Thought the WEBDEVers should be made aware of this.
> -----Original Message-----
> From: Forum for discussion of IE domain registry
> [mailto:IEDR-FORUM at LISTSERV.HEANET.IE]On Behalf Of Michael Fagan
> Sent: 09 August 2000 17:00
> To: IEDR-FORUM at LISTSERV.HEANET.IE> Subject: Corporate Names : Rule Relaxation - Immediate Effect on 9/8/00
>> Under existing rules only one .IE domain name may be registered
> in respect of each legal entity.
>> This has caused administrative difficulties for corporate applicants
> seeking to register several .IE domain names with a view to
> protecting their commonly used corporate names and/or identity.
> Also, certain corporates with names in the Irish language have also
> experienced difficulties in acquiring English .IE domain names ( for
> export purposes to English speaking markets, for example ).
>> One of the most commonly used ways of acceptably circumventing
> the "one domain per legal entity" rule is for the applicant to acquire
> Registered Business Name(s) ( RBNs ) together with appropriate
> documentation to support the application(s). Other corporates
> utilise non-trading ( subsidiary ) companies to acquire the desired
> name for the applicant corporate.
>> Representations to, & examples given, to the IEDR demonstrate
> the unwieldiness of having to utilise the above procedures.
>> To facilitate all concerned the above circumventing procedures will
> no longer be required. Where any corporate wishes to apply for
> several .IE domain names in respect of its one Certificate of
> Incorporation it may do so subject to submission of a list of the
> names requested, on appropriate official letter heading, & signed
> by an appropriate company official.
>> Obviously common sense will be the key factor, the names applied
> for cannot be any name or word that is *not* shown on the
> Certificate of Incorporation. The sole exception would be the title
> "Group". In other words, where demonstrably applicable the word
> "Group" may be added. Where the applicant is "LTD" it may not
> show "PLC" & if it's "PLC" it may not show "LTD".
>> Conversely, names or words that *are* shown on the Certificate of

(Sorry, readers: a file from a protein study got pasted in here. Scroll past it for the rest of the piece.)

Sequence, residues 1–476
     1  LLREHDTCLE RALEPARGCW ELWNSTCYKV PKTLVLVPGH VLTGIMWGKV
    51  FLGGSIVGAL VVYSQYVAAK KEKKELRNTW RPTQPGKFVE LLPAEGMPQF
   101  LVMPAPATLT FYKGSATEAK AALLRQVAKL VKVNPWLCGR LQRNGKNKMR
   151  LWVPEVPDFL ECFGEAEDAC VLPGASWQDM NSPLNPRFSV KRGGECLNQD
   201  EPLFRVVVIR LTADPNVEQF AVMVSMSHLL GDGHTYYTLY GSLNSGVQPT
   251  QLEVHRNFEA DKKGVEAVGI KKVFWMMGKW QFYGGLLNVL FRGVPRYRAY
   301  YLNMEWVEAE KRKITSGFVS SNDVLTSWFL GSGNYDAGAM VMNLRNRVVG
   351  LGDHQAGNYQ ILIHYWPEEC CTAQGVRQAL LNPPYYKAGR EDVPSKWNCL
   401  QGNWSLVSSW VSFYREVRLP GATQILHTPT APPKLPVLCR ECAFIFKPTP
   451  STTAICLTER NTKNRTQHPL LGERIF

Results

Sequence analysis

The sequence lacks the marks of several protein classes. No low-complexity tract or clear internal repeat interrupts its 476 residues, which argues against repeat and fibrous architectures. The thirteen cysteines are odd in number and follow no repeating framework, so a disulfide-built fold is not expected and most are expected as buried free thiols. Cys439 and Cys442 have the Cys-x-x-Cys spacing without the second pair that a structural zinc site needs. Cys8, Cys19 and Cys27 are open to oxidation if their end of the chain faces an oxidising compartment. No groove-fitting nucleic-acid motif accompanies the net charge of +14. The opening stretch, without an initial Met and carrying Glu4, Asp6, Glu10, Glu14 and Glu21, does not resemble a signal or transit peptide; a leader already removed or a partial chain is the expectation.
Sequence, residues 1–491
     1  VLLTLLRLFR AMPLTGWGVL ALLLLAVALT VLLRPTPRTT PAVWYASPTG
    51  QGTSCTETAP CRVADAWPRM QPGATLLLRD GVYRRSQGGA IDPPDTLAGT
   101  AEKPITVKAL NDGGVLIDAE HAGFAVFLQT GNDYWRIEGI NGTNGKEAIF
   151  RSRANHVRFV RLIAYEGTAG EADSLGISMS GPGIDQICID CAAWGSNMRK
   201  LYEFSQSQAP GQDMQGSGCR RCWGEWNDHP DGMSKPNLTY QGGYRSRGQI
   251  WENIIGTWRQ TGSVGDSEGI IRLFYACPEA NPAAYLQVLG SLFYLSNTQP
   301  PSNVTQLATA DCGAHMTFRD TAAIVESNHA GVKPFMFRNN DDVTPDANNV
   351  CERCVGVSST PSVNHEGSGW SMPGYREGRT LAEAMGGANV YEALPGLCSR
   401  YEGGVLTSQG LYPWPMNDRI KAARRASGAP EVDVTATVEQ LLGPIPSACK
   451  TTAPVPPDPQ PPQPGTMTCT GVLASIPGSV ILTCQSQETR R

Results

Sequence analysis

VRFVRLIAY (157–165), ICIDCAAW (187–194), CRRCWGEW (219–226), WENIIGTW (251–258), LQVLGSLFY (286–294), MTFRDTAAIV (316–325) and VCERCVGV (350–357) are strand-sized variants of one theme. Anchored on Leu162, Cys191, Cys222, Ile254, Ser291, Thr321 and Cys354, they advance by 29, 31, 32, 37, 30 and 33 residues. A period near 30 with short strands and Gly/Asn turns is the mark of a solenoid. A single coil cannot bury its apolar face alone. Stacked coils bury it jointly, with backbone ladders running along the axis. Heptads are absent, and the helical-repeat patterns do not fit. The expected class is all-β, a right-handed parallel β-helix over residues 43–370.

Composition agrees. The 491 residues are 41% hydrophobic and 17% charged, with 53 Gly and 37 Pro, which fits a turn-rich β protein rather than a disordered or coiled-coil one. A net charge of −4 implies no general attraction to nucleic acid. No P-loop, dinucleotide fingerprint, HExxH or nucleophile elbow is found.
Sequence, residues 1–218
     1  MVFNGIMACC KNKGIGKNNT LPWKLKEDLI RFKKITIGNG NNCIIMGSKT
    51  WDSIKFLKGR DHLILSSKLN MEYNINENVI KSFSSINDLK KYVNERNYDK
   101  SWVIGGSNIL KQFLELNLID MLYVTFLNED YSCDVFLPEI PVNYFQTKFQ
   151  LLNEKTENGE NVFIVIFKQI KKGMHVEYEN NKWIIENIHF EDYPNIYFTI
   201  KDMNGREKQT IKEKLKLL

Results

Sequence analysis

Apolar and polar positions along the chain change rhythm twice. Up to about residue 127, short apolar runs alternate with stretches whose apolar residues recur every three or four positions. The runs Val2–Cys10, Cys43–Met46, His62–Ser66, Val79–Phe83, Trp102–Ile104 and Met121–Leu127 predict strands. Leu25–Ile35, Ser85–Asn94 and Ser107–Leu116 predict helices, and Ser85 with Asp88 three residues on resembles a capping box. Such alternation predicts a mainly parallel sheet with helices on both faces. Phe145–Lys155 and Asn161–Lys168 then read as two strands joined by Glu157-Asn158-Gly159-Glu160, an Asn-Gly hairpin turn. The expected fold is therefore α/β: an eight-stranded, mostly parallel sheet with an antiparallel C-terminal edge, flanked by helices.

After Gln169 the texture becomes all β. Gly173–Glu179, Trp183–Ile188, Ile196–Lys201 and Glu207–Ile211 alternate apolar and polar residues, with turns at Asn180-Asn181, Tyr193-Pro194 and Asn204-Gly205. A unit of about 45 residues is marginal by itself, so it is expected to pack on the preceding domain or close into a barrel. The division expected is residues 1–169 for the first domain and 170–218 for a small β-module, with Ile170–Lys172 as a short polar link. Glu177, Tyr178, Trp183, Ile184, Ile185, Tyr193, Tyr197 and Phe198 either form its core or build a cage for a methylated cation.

> Incorporation may be excluded.
>> For example, & craving their indulgence, let's take a Certificate of
> Incorporation relating to, say, Arthur Guinness & Co. Ltd. Under this
> relaxation the following domain names would be acceptable :
> guinness.ie ( in the real world would probably have applied under
> Trade Mark criteria )
>> Where the Certificate of Incorporation shows the name of the
> applicant corporate in Irish the English equivalent may also be
> applied for on foot of the same Certificate. Likewise, corporate
> names in English qualify for an Irish equivalent domain name.
>> Where the name(s) applied for are, in the opinion of the IEDR,
> likely to cause confusion or to be offensive, the IEDR retains the
> right to refuse such application. Obviously any such rejection may
> be appealed.
>> The above relaxations are with immediate effect.
>> This information will be reflected on our web site from tomorrow.
>> Doubtless there will be comments & suggested modifications from
> this Forum relative to the above. Any such suggestions which
> would assist to streamline the procedure further will be adopted.
>> Further amendments re solicitor's applications & Trade Mark
> applications will follow.
>> Mike Fagan
>>>>>>>> ------- End of forwarded message -------
Maintained by the ILUG website team. The aim of Linux.ie is to
support and help commercial and private users of Linux in Ireland. You can
display ILUG news in your own webpages, read backend
information to find out how. Networking services kindly provided by HEAnet, server kindly donated by
Dell. Linux is a trademark of Linus Torvalds,
used with permission. No penguins were harmed in the production or maintenance
of this highly praised website. Looking for the
Indian Linux Users' Group? Try here. If you've read all this and aren't a lawyer: you should be!